Item 9. The Offer And Listing 48
Item 10. Additional Information 48
Item 11. Quantitative And Qualitative Disclosures About Market Risk 62
Item 12. Description Of Securities Other Than Equity Securities 62
     
PART II
     
Item 13. Defaults, Dividend Arrearages And Delinquencies 63
Item 14. Material Modifications To The Rights Of Security Holders And Use Of Proceeds 63
Item 15. Controls And Procedures 63
Item 16. [Reserved] 64
Item 16A. Audit Committee Financial Expert 64
Item 16B. Code Of Ethics 64
Item 16C. Principal Accountant Fees and Services 64
Item 16D. Exemptions From The Listing Standards For Audit Committees 65
Item 16E. Purchases Of Equity Securities By The Issuer And Affiliated Purchasers 65
Item 16F. Change In Registrant’s Certifying Accountant 65
Item 16G. Corporate Governance 66
Item 16H. Mine Safety Disclosure 66
     
PART III
     
Item 17. Financial Statements 67
Item 18. Financial Statements 67
Item 19. Exhibits 67

  

i

 

 

PART I

 

CERTAIN INFORMATION

 

In this annual report on Form 20-F, unless otherwise indicated, “we,” “us,” “our,” the “Company”, “Color Star” and “Color Star Technology” refer to Color Star Technology Co., Ltd., a company organized in the Cayman Islands, its predecessor entities and its subsidiaries.

 

Unless the context indicates otherwise, all references to “China” and the “PRC” refer to the People’s Republic of China, all references to “Renminbi” or “RMB” are to the legal currency of the People’s Republic of China, all references to “U.S. dollars,” “dollars” and “$” are to the legal currency of the United States. This annual report contains translations of Renminbi amounts into U.S. dollars at specified rates solely for the convenience of the reader. We make no representation that the Renminbi or U.S. dollar amounts referred to in this report could have been or could be converted into U.S. dollars or Renminbi, as the case may be, at any particular rate or at all. On November 6, 2020, the cash buying rate announced by the People’s Bank of China was RMB6.61 to $1.00.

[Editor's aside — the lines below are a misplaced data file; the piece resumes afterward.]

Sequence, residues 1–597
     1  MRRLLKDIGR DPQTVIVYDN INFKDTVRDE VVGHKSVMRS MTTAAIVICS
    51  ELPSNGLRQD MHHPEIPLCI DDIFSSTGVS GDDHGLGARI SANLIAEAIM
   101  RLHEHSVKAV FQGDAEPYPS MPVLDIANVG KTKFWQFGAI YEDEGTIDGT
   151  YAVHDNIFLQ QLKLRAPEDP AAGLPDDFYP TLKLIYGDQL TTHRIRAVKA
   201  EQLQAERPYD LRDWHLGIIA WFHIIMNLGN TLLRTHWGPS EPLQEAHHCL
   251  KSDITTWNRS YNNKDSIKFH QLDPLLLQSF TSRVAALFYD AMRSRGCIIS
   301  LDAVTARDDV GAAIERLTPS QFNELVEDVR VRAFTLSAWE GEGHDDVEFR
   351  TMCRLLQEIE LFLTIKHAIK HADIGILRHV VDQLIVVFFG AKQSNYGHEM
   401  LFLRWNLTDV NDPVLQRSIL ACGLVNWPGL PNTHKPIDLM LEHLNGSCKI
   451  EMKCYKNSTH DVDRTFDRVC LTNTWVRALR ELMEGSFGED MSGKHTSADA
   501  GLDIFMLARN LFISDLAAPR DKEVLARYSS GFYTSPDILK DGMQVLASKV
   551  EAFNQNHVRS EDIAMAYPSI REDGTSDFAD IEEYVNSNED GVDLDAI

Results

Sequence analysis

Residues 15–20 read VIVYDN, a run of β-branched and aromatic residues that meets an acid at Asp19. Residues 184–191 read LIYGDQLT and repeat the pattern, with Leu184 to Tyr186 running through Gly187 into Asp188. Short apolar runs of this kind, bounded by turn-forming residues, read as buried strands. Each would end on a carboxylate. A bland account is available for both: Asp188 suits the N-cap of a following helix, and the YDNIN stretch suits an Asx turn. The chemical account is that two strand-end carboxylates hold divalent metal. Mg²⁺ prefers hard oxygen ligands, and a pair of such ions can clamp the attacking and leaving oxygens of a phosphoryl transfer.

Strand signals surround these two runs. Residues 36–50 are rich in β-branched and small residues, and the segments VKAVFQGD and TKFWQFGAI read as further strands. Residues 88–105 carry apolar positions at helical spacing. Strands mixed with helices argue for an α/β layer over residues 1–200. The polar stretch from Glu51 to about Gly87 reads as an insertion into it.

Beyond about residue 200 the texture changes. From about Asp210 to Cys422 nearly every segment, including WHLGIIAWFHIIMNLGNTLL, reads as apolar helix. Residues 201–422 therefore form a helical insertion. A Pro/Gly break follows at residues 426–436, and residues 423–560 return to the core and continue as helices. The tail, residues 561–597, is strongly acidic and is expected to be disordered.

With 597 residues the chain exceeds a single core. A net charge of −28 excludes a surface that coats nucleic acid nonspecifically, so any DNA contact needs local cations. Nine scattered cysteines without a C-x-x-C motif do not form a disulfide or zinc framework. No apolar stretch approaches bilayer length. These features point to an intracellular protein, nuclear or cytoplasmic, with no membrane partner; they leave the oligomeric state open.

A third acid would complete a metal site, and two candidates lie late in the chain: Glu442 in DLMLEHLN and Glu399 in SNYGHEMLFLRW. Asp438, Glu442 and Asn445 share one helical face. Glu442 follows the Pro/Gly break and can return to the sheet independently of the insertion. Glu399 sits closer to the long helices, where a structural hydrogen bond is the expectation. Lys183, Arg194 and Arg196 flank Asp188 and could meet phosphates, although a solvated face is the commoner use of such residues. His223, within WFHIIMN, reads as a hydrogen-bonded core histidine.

Unless indicated otherwise, references to

 

  “China,” “Chinese” and “PRC,” are references to the People’s Republic of China;
     
  “Color Star,” “Color Star Technology,” “the Company,” “we,” “us,” or “our,” are references to the combined business of Color Star Technology Co., Ltd. and our wholly-owned subsidiaries, CACM and Color China, as well as our 80% owned subsidiary, Baytao;
     
  “CACM” refers to CACM Group NY, Inc.
     
  “Color China” refers to Color China Entertainment Limited;
     
  “Baytao” refers to Baytao LLC.

  

1

 

 

FORWARD-LOOKING STATEMENTS

 

This report contains “forward-looking statements” for purposes of the safe harbor provisions of the Private Securities Litigation Reform Act of 1995 that represent our beliefs, projections and predictions about future events. All statements other than statements of historical fact are “forward-looking statements,” including any projections of earnings, revenue or other financial items, any statements of the plans, strategies and objectives of management for future operations, any statements concerning proposed new projects or other developments, any statements regarding future economic conditions or performance, any statements of management’s beliefs, goals, strategies, intentions and objectives, and any statements of assumptions underlying any of the foregoing. Words such as “may”, “will”, “should”, “could”, “would”, “predicts”, “potential”, “continue”, “expects”, “anticipates”, “future”, “intends”, “plans”, “believes”, “estimates” and similar expressions, as well as statements in the future tense, identify forward-looking statements.

 

These statements are necessarily subjective and involve known and unknown risks, uncertainties and other important factors that could cause our actual results, performance or achievements, or industry results, to differ materially from any future results, performance or achievements described in or implied by such statements. Actual results may differ materially from expected results described in our forward-looking statements, including with respect to correct measurement and identification of factors affecting our business or the extent of their likely impact, and the accuracy and completeness of the publicly available information with respect to the factors upon which our business strategy is based or the success of our business. Given these uncertainties, you should not place undue reliance on these forward-looking statements.